How to Test for Metabolic Syndrome

Medically Reviewed by
Dr. Stacy Henigsman
Nutritionally Reviewed by
Felice Ramallo, RDN

Have you ever heard of Metabolic Syndrome? If you haven’t, you’re not alone. Metabolic Syndrome sounds like one disease, but it’s actually a cluster of related conditions that, when combined, can increase your risk of severe health issues like Heart Disease, Stroke and Type 2 Diabetes. The good news is that you can test for Metabolic Syndrome and take steps to manage your symptoms and protect your health. In this article, we will dive into the signs and symptoms of Metabolic Syndrome and the importance of getting tested. Whether you’re already familiar with the term or this is your first time hearing about it, we’ll break it all down in a way that’s easy to understand and helps you make the best decision for you and your health.

Metabolic Syndrome Explained Through the Lens of Women's Health

Sometimes referred to as “Insulin Resistance Syndrome,” “Syndrome X,” and “Hypertriglyceridemic Waist,” Metabolic Syndrome is a cluster of factors that together can increase the risk of heart disease, diabetes and stroke. This is a pretty big deal because heart disease is the leading cause of death for women in the U.S., accounting for one in three deaths annually. Understanding these risk factors can save your life–they include:

  • High blood pressure
  • A high fasting blood glucose level
  • Abnormal cholesterol levels
  • A waist measurement of more than 35 inches

Women are at a slightly increased risk of being diagnosed with Metabolic syndrome, and hormones may be one of the culprits. For example, research suggests that weight gain related to menopause may increase the risk of Metabolic Syndrome. Other hormonal conditions, such as polycystic ovary syndrome (PCOS), can make it challenging to maintain a healthy weight and stable blood sugar levels. Understanding how these factors interact is crucial for taking proactive steps to manage health, reduce risks, and make informed decisions about your health.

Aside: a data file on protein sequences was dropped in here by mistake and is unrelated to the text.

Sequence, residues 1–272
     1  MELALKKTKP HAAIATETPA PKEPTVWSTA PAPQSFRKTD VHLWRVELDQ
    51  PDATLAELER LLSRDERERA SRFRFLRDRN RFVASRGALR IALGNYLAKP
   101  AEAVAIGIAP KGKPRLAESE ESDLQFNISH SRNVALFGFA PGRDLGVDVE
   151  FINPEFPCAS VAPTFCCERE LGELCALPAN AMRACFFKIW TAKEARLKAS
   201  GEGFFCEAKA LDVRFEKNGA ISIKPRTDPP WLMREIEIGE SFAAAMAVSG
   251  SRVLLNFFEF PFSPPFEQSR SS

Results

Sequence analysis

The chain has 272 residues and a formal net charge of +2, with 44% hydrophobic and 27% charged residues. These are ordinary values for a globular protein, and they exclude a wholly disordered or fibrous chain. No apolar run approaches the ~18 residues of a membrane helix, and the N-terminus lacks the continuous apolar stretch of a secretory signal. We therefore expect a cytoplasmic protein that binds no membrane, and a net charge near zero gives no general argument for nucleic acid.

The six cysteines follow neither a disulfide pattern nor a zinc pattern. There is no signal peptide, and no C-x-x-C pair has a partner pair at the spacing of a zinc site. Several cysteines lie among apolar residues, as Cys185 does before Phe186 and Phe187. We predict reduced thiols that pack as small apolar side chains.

When to Consider Metabolic Syndrome Testing

You may want to consider testing for Metabolic Syndrome for a few reasons. Beyond the risk factors we previously discussed, if you’ve recently been pregnant or are approaching menopause, those hormonal changes can be a risk factor. Other reasons to consider testing include recent weight gain around the midsection, unexplained fatigue, or a family history of diabetes, heart disease, or stroke. Early testing can help catch these risk factors, allowing you to take steps to manage your health and reduce the possibility of developing serious conditions further down the road. So, if you’re ticking any of these boxes, it might be time to schedule an appointment with your healthcare provider. It’s always good to monitor your health and note any changes to your healthcare provider as soon as possible. 

Testing for Metabolic Syndrome: What to Expect

Because Metabolic Syndrome is a collection of risk factors, a diagnosis requires a few separate lab tests and a physical exam. Let’s break down each test and what it measures.

Blood Pressure

High blood pressure is when your readings are consistently 130/85 mmHg or higher. Physical changes like pregnancy and weight gain can bump up your risk. There is a misconception that women are less likely than men to have high blood pressure, but over 40% of women are diagnosed with it annually.